I’m always on the lookout for healthy recipes that can be made in bulk and frozen for later use (like when a new baby is born and cooking is difficult for a while). This moussaka recipe isn’t the quickest to prepare up-front, but it freezes really well and can be made in bulk.
What’s more, it’s hearty, filling comfort food packed with meat and veggies to feed a hungry family!
A Meaty Moussaka Recipe
Moussaka is a layered Eastern Mediterranean casserole dish made with eggplant or potato, a ground meat sauce, and a Greek yogurt and egg layer on top. It has rich flavors of herbs and spices with the subtle undertones of cinnamon and red wine frequently found in Greek food.
This eggplant moussaka recipe also is a great dinner to bring to friends who are ill or moms who have just had babies! (Think lasagna but much healthier and more creative!) I often make several of these at a time and freeze for this purpose. (Just add the yogurt and egg topping later when serving.)
I love to make this recipe especially in August-October when fresh eggplant is found at farmers markets or in the garden.
A Note on Cooking With Eggplant
One important note with this recipe: it is important to allow for time to remove much of the moisture from the eggplants. If you don’t your casserole will be runny.
About an hour before you begin cooking (or even the day before), slice the eggplants, put them in a strainer in the sink, and sprinkle them generously with salt. The salt helps to pull the water out. After about an hour, rinse the eggplant slices well and pat them dry.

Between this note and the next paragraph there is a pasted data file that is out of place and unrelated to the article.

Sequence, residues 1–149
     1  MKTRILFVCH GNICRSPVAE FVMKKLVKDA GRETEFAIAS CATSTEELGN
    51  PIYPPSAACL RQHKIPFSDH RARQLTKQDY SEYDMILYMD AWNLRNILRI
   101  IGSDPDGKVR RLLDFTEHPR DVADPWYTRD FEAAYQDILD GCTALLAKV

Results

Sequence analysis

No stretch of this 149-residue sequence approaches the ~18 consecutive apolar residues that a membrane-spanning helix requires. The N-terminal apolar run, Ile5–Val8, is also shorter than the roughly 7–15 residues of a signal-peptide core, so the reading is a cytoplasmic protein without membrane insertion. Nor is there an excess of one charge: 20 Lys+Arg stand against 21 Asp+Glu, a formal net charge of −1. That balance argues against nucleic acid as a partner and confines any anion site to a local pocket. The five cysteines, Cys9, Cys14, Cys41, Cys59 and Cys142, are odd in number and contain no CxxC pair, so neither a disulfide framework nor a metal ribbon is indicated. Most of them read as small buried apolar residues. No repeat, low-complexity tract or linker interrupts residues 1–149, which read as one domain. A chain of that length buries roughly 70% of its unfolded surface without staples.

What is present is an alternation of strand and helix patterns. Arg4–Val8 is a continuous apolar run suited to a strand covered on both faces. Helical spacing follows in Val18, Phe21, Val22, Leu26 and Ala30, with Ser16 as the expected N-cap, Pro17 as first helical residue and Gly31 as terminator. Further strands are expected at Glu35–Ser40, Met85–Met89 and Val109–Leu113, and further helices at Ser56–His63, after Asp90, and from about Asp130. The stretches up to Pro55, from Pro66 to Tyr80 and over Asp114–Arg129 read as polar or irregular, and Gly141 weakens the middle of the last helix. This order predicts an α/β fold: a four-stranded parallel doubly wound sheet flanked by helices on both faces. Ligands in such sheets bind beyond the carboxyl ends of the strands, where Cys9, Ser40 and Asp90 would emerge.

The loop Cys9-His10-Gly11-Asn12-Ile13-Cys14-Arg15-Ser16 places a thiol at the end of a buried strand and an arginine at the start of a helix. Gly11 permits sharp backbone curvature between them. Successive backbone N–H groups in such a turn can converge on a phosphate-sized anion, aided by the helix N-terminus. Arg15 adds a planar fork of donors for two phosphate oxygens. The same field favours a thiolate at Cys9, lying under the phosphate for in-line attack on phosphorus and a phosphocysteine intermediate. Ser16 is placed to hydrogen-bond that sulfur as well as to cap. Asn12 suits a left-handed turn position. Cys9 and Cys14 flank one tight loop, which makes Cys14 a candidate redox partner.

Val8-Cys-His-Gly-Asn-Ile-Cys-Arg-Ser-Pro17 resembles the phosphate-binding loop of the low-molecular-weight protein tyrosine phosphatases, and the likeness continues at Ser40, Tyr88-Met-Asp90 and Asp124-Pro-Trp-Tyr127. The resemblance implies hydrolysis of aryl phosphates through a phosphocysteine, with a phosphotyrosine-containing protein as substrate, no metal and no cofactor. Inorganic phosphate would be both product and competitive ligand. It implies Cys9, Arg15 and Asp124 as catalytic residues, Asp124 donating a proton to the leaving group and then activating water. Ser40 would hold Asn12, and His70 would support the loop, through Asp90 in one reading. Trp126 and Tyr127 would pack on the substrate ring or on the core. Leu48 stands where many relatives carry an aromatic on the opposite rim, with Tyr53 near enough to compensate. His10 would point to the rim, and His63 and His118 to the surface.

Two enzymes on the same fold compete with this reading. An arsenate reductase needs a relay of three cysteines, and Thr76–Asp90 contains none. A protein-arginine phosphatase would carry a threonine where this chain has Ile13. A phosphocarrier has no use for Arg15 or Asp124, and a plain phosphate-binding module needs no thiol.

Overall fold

If your eggplant is young and small, try leaving the peel on for extra nutrients! I peel larger eggplants to avoid any bitter taste.
More Eggplant Recipes to Try
Thanks to the eggplant, this moussaka recipe is full of fiber and phytonutrients. Studies show phytonutrients can help prevent free radical damage and balance blood cholesterol.
I’m still expanding my eggplant repertoire (other than my grain-free eggplant parmesan), but I’ve been planning to try grilled eggplant as well.
If you have winning eggplant recipes, I’d love to hear about them!
Greek-Style Moussaka Recipe (Eggplant Casserole)
- 2 medium eggplants
- 2 TBSP butter (or coconut oil)
- 1 lb ground beef
- 1 onion
- 8 oz white button mushrooms
- 1 small bunch kale
- ½ cup red wine (or beef broth)
- 24 oz diced tomatoes (drained)
- 6 oz tomato paste
- 1 tsp basil
- 1 tsp oregano
- 1 tsp thyme
- 1 tsp parsley
- ½ tsp cinnamon
- 1 tsp salt
- 1 tsp pepper
- 4 eggs
- 1 cup full fat Greek yogurt
- 4 cloves garlic (minced, or 2 tsp garlic powder)
- At least an hour before cooking or up to a day before, peel the eggplant if desired (recommended for large eggplant as the peel may be bitter) and slice into ¼ inch rounds or slices.
- Place in a colander over the sink and salt liberally.
- Put a heavy plate on top to create pressure and leave for an hour.
- Rinse eggplant well and pat dry.
- Preheat the oven to 350°F.
- Heat butter or coconut oil in a pan and cook the eggplant pieces for 2-3 minutes per side until starting to soften. Optionally, you can oil a large baking sheet and place all the eggplant on it and bake in a 400°F oven for 30 minutes instead.
- Brown the meat in a large skillet.
- Dice the onions, mushrooms, and kale and add them to the pan when meat is cooked.
- Saute another 5-7 minutes until all the vegetables are softening and starting to become translucent.
- Add the red wine or beef broth to deglaze the pan and then add the diced tomatoes, tomato paste, and all the spices except the garlic/garlic powder.
- Simmer about 15 minutes to let flavors incorporate.
- Grease the bottom of a large baking dish.
- Layer the eggplant slices and meat sauce in the baking dish and repeat until both are used up.